For a bank like Barclays this still represents a tiny sum compared to other fines imposed on Barclays by the FCA (ranging from £26m to £284m). However, a factor which the FCA did take into account was that as part of the settlement Barclays agreed to make an ex gratia payment to be distributed to all customers of Premier FX who lost money.


MSB's are considered to present a higher risk to banks because features of the MSB sector make it an attractive vehicle through which criminal and terrorist funds can enter the financial system. The Joint Money Laundering Task Force (JMLSG) which devotes a whole chapter to MSBs in its statutory guidance considers that MSBs can be used for money laundering and terrorist financing in two ways: either by wittingly or unwittingly performing relevant transactions for their customers without knowledge of the illegal origin or destination of the funds concerned, or by a direct involvement of the staff/management of the provider through complicity or through the ownership of such businesses by a criminal organisation.

However, in the case of Premier FX, it was not money laundering by customers that amounted to financial crime, it was wrongdoing committed by Premier FX on its own customers.  The case is therefore a reminder to banks that due diligence on their financial services clients must extend beyond merely ensuring that their customers' own AML controls are effective.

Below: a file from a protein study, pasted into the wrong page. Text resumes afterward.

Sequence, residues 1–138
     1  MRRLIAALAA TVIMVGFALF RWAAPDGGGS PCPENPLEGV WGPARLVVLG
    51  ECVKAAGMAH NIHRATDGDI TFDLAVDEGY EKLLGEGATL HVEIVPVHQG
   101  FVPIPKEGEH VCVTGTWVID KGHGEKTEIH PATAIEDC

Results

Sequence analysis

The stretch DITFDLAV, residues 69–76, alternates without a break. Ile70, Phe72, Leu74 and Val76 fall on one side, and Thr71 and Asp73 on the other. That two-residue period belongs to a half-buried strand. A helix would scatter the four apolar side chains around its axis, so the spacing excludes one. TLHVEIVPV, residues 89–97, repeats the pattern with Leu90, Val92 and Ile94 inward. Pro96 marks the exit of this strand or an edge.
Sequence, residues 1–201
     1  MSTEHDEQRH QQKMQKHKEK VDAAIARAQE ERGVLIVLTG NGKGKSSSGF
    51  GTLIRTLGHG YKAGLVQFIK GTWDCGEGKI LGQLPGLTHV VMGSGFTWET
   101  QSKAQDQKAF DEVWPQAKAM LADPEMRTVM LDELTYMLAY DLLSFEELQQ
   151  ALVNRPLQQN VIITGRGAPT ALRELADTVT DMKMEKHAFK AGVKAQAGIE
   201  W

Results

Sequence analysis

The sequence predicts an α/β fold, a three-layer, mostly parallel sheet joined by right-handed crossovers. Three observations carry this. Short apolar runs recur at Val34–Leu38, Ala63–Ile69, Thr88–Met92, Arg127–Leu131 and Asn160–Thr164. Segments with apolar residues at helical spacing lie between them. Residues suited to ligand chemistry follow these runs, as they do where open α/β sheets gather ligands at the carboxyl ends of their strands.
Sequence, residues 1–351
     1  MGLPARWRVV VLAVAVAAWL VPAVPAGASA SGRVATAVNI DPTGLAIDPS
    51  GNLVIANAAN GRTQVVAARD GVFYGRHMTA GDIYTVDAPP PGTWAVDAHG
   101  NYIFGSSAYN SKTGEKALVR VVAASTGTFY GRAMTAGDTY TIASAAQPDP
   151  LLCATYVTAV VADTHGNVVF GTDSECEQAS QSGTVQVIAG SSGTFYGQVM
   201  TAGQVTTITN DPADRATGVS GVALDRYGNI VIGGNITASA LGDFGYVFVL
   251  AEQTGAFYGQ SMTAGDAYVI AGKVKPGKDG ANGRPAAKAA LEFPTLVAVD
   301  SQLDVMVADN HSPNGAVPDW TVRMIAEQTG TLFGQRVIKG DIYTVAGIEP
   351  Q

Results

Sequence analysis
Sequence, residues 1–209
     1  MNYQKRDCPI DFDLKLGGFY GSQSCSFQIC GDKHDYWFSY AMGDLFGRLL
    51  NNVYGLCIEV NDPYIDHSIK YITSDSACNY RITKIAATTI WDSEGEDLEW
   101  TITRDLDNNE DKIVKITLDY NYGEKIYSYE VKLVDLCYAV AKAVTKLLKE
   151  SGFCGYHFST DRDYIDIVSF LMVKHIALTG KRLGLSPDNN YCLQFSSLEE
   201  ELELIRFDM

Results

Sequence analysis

Absent from the final notices for Premier FX and Barclays is any criticism or assessment of the role of the FCA as regulator of Premier FX. What is clear from the Barclays notice is that the FCA expects bankers of regulated firms to undertake some of the due diligence and monitoring which one might expect a regulator to undertake – including assessing the business model, identifying and managing risks associated with a single director/owned business, determining whether the firm's activities are properly reflected in its permissions and monitoring capital adequacy.

Nevertheless, submissions from the Premier FX Liquidation Committee to the Treasury Select Committee were that the FCA failed in its regulation of Premier FX, including an allegation that "The FCA first authorised PFX in 2013 when they were already trading insolvent and skimming off customers’ remittances".

JMSLG guidance provides that UK MSBs present a lower level of risk than MSBs which are unregulated and based overseas. However, whilst FCA regulated business are lower risk, they are not "no-risk" and firms should not assume that FCA regulation and supervision is effective in ensuring their customers are compliant. 

Luckily for the FCA, the ex gratia payment by Barclays will mean Premier FX customers are reimbursed in full for their losses.  The FCA gets another opportunity to educate banks through enforcement and avoids having to deal with complaints of regulatory failure from customers seeking recompense (such as those it is dealing with from investors in London Capital and Finance, as reported on and criticised by the Complaints Commissioner here).